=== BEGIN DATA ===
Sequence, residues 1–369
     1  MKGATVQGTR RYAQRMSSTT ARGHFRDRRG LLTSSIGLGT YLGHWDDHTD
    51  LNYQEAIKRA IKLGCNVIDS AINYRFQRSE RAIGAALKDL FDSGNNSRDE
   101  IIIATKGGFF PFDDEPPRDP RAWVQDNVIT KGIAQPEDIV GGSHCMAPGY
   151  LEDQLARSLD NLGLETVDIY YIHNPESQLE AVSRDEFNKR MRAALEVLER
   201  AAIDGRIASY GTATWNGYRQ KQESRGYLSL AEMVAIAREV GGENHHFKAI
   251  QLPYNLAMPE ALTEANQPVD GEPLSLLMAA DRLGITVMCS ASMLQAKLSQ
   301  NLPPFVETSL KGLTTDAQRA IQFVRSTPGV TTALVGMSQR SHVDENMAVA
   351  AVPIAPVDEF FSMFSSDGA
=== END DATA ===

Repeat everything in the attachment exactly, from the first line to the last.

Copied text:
Sequence, residues 1–369
     1  MKGATVQGTR RYAQRMSSTT ARGHFRDRRG LLTSSIGLGT YLGHWDDHTD
    51  LNYQEAIKRA IKLGCNVIDS AINYRFQRSE RAIGAALKDL FDSGNNSRDE
   101  IIIATKGGFF PFDDEPPRDP RAWVQDNVIT KGIAQPEDIV GGSHCMAPGY
   151  LEDQLARSLD NLGLETVDIY YIHNPESQLE AVSRDEFNKR MRAALEVLER
   201  AAIDGRIASY GTATWNGYRQ KQESRGYLSL AEMVAIAREV GGENHHFKAI
   251  QLPYNLAMPE ALTEANQPVD GEPLSLLMAA DRLGITVMCS ASMLQAKLSQ
   301  NLPPFVETSL KGLTTDAQRA IQFVRSTPGV TTALVGMSQR SHVDENMAVA
   351  AVPIAPVDEF FSMFSSDGA